The 76-year-old film director is still sitting in a Swiss jail cell, waiting for extradition. Imagine your grandfather confined to jail. Yes, he committed a horrible crime and he can’t necessarily get away with it because of the time that’s passed nor his celebrity status, or can he?

If you’re left wondering more, Roman Polanski: Wanted and Desired is one of the best documentaries you could possibly watch on the topic. It focuses mainly on the crime and trial, not so much his life as it is what I first expected when I stumbled upon the film.

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A primer on the IJC

October 1, 2009
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What the heck is the Interational Joint Commission? I found myself asking that same question when I came to the task of writing about it for one of my journalism classes. So what is it and why does it matter?

Some background info: The IJC is a binational (Canada and the U.S.) independent organization established waaaay back in 1909 by the Boundary Waters Treaty. It’s function is to study and assess environmental issues in the Great Lakes region, since they focus mostly on water quality of said basin, and any water that flows between the two nations. They’ve since evolved and taken on air quality issues as well.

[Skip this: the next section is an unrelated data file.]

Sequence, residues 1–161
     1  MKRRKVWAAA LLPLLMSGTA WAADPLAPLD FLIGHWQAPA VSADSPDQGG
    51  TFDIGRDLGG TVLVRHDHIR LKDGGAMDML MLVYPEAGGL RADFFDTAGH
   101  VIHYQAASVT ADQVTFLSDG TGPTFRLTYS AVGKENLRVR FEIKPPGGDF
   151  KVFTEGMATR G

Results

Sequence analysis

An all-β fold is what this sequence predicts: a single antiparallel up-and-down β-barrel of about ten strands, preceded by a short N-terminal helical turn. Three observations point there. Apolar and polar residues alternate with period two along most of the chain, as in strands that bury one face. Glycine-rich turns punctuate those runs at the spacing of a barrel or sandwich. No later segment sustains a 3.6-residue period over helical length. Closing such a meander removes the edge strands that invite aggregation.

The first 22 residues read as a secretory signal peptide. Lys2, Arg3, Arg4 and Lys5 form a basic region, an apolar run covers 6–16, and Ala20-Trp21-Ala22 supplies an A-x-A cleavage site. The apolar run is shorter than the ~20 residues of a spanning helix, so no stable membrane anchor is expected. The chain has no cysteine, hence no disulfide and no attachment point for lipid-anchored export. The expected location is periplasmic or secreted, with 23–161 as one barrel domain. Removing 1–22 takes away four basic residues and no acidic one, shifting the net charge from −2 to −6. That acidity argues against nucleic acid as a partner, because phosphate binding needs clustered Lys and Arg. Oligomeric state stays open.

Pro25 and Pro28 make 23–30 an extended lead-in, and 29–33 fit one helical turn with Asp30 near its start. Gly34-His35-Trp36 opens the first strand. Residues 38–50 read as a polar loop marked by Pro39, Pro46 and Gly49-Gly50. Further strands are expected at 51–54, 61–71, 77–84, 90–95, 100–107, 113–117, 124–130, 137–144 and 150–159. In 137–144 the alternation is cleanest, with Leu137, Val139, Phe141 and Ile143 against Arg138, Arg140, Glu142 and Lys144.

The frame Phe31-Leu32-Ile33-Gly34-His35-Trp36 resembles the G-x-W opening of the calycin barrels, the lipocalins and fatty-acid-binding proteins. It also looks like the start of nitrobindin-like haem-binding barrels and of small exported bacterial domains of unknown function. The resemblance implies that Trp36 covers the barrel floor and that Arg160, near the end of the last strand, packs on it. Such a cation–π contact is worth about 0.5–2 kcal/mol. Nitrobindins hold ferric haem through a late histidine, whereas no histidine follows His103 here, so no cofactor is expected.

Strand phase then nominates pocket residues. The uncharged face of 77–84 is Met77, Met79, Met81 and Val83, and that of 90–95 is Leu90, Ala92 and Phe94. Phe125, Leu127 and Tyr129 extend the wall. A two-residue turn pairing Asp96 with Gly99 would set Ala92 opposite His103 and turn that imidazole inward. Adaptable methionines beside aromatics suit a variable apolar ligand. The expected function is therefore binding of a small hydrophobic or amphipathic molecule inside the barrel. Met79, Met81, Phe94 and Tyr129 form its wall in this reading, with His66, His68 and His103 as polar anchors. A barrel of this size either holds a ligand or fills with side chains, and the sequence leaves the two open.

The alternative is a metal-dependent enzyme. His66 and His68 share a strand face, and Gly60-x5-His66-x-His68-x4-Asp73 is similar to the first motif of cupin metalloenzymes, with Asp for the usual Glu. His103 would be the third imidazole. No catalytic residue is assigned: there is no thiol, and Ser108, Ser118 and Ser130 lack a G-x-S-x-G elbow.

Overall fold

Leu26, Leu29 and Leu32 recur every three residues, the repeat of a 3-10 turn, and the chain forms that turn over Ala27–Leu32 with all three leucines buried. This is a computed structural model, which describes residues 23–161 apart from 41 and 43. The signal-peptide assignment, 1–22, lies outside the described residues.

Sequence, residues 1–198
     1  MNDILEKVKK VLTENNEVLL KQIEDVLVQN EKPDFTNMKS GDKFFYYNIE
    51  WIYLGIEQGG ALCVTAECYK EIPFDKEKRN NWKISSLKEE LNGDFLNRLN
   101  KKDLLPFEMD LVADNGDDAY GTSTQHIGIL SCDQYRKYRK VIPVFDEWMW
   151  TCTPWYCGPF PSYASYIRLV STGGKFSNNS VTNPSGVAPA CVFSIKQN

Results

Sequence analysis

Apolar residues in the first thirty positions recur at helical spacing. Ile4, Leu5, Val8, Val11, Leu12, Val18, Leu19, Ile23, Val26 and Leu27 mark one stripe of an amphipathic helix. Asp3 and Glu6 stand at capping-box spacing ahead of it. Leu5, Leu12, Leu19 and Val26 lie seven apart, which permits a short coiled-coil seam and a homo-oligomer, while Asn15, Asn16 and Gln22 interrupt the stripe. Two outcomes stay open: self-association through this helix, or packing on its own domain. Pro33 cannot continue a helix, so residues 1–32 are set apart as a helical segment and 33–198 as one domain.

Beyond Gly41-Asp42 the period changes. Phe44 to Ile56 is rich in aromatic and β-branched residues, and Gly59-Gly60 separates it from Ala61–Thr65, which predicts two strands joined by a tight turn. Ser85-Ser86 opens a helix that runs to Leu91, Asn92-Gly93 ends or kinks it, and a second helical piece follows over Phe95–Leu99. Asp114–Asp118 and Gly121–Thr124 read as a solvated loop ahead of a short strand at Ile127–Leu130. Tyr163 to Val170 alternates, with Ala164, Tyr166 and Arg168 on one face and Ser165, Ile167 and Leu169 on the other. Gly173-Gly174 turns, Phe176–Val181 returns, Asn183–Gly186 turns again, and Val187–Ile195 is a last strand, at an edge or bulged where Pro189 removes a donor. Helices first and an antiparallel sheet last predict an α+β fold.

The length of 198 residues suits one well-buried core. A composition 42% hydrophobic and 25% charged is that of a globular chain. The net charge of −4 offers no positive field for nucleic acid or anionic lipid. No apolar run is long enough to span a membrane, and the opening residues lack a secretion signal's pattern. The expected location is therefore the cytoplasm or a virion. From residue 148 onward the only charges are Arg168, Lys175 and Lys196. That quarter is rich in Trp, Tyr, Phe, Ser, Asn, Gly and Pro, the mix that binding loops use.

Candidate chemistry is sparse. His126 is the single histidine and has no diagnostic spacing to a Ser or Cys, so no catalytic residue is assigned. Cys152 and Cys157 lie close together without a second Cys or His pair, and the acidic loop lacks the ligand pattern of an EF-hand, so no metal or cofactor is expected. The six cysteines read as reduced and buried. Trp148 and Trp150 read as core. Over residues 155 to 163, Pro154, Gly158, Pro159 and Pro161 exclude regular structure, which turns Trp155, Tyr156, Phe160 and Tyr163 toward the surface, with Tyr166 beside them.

Now, I’ll sum up what took me 750 words to write for class – it seems like the commission sounds all important and bureaucratic, but I’ve found from talking to IJC representatives that they really don’t have any mechanism of enforcement for any quality issues they find.

The commission works on a “request to review” basis where either of the two member governements submits a request to the IJC to research XYZ. The IJC uses an almost $16 million combined budget annually to finance the studies, their workers, etc. (*Canadian dollars converted to American and totaled. Budget info found through interviews with reps and this estimate)

Now, the funny thing is, this is a publicly funded organization. Yet, they are exempt from FOIA (freedom of information act) laws. This may be because of 1 of 2 (or more) reasons. 1, is they are a unique organization. Because it’s binational, there may be some statute of access in both countries, but not one that correlates to access in both. 2, it may or may not be stated they are exempt from FOIA in the treaty. Now as a busy college student I don’t have the 5 hours it takes to read it all and analyze legal jargon, but the info is there for you for the taking.